Thursday, April 19, 2012

Drill Practice

And I keep praying that this faith we hold in common keeps showing up in the good things we do, and that people recognize Christ in all of it.

 Philemon 6 The Message

Recently I was asked to assist with the girls softball team at the school I teach at. I was reluctant at first, but felt it would be fun and another way I could connect with some of the students. A few days later I was dressed and ready to attend my first practice session with the team. The coach had formulated a new drill that neither myself nor the girls were familiar with. As she verbally explained the multitude of concepts involved in this particular drill, I began to have the "deer in the headlight" feeling. I knew I was not the only one, because several girls, at various times, asked the coach to clarify her instructions. Whew, I knew I could maintain my newly appointed status as "assistant coach" by not having to admit my lack of understanding of this important drill. One student chimed, "Ugh, I feel like I am in biology class." This comment sunk in, as I am the biology teacher for this student. "So this is how my biology students feel," I mused. Another wave of relief came over me when one of the players asked the coach to demonstrate her instructions. Celebratory sounds were exchanged as the coach agreed. The team spent the next ten minutes doing a "mock drill." After two of these drills, the team declared their understanding of this vital "skill-drill." I smiled with confidence knowing my newly appointed position would continue for at least one more day. 

What this moment taught me was the important difference between knowing about something and actually doing it. In James 3:22 he writes: "You see that faith was working with his works, and as as a result of the works, faith was perfected." Practicing my faith in Christ brings completion to my understanding of His instructions. It is not enough to know that "love covers a multitude of sins," but I must put into practice "fervent love" (1 Peter 4:8). If  "His compassions never fail" (Lamentations 3:22), then I must act in compassion each time I am aware of a need that is within my sphere of influence to meet. If knowing the "truth makes you free" (John 8:32), than I must practice living in truth. You see, practicing that softball drill cemented my understanding of its value. What "life drill" do you need to put into practice? Christ can only be recognized when we go from knowing who He is to practicing what He commanded us to do. Then, and only then, will the world recognize that He came to " bind the brokenhearted," to turn the "ashes" of our life into "gladness," and to "set the captive free" (Isaiah 61).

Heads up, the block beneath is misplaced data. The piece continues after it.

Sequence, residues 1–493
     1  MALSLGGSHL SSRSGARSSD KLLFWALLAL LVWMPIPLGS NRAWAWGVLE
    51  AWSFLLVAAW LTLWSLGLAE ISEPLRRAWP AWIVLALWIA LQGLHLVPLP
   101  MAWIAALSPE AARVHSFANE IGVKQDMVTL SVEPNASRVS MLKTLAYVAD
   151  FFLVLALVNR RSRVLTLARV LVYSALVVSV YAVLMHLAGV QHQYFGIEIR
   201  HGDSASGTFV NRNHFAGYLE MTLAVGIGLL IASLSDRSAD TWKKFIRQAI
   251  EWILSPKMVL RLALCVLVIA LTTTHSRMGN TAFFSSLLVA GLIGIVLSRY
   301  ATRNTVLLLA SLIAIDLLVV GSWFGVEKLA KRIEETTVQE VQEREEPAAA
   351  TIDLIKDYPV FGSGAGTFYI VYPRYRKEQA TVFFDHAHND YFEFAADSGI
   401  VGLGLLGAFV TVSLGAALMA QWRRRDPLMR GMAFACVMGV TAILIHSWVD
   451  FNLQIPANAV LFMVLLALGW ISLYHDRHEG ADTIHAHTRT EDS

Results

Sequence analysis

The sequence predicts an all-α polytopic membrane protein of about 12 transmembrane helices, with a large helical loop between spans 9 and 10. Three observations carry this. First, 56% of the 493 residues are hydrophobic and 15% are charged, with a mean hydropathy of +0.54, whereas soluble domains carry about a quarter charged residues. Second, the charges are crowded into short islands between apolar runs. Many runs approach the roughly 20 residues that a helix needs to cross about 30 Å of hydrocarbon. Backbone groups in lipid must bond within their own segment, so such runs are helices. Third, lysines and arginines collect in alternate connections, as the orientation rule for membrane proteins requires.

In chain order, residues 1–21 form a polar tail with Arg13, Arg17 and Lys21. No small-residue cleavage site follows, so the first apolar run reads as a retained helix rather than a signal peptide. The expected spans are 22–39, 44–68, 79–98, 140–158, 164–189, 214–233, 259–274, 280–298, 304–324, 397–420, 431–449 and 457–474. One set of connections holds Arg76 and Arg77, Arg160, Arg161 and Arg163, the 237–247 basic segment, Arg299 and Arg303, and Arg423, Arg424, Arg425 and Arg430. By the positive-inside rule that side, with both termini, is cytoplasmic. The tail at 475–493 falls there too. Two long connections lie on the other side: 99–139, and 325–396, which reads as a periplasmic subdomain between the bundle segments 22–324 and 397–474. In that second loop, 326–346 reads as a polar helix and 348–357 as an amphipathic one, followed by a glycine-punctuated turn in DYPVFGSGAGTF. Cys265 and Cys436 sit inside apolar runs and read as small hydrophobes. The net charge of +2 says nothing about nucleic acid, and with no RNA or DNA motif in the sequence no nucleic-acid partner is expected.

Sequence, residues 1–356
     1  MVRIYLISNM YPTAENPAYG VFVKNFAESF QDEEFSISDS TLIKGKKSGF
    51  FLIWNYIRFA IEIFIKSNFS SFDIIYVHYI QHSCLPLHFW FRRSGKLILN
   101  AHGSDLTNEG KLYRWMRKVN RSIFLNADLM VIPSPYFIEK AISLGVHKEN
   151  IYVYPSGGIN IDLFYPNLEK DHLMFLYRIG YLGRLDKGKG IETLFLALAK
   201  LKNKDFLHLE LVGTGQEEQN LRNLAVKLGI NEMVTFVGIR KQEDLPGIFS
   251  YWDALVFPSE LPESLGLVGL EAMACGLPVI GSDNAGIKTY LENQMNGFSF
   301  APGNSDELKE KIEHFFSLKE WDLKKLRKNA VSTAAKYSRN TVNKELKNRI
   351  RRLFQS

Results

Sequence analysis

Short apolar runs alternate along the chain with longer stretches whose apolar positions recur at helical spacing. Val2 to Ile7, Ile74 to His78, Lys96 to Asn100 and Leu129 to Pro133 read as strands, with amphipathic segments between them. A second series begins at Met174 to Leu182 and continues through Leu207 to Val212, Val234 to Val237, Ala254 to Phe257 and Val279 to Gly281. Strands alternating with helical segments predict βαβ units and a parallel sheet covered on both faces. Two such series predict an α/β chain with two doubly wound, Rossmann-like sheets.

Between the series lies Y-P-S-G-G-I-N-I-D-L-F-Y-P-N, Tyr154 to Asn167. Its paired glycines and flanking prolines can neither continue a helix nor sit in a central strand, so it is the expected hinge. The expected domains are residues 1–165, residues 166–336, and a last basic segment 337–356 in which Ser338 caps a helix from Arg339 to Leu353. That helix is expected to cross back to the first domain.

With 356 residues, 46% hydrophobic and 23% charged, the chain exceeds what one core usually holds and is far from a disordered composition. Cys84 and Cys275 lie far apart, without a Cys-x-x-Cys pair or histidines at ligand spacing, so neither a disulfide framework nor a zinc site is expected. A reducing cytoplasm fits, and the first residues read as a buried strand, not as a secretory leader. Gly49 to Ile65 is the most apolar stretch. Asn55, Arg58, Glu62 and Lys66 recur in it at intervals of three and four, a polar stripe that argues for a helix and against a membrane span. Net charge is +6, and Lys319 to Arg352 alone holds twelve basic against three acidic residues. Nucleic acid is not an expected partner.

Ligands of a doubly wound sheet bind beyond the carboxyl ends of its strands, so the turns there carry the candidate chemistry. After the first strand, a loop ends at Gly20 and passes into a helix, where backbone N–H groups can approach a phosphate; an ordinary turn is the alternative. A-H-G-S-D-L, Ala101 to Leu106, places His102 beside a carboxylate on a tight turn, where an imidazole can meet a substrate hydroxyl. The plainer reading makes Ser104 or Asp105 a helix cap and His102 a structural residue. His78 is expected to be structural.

Today, Father, grant me the strength to do what I know is right: to speak gentle, to love unconditionally, and to forgive as many times as requested. Let the works of my life demonstrate to the world that my faith in you is worth the investment. You, Oh God, redeem people. I pray, in Jesus name, amen. 

Sunday, April 8, 2012

Bare and Blessed

And they found the stone rolled away from the tomb, but when they entered, they did not find the body of the Lord Jesus. Luke 24:2-3

Years ago, while working and attending graduate school, my oldest daughter, twelve at the time, asked me to watch a movie with her. As was my habit, I turned this into an opportunity to multitask. I carefully planned what I would accomplish for school, as I fulfilled my role as an "attentive" mother. I was not prepared for my daughter's next request. In her soft, quiet nature, and tender voice, she said, "Mommy, would you please watch the movie with me with your hands empty?" I instantly knew what she meant. She wanted my undivided attention. She understood that multitasking equated to a half-hearted attempt at building a relationship.

I have never forgotten that moment, or the lesson her request taught me that day. There is a blessing to barrenness. I laid down my books and gave my daughter my "empty hands", but full heart. That day, we sat side by side, mother and daughter, reaping the blessings of barrenness. 

Overload is a modern-day plague that robs relationships of connectedness and joy. We bring a divided heart to the relationships we verbally indicate are most important, However, our "full-hands" truthfully reveal our life priorities. We need to disconnect with our belief that a full life equates with a full heart. Jesus left behind an empty grave that imparted fullness of life and eternity. His empty grave became our greatest gift. Today, empty your life, so that others can enjoy the fullness of fellowship and joy.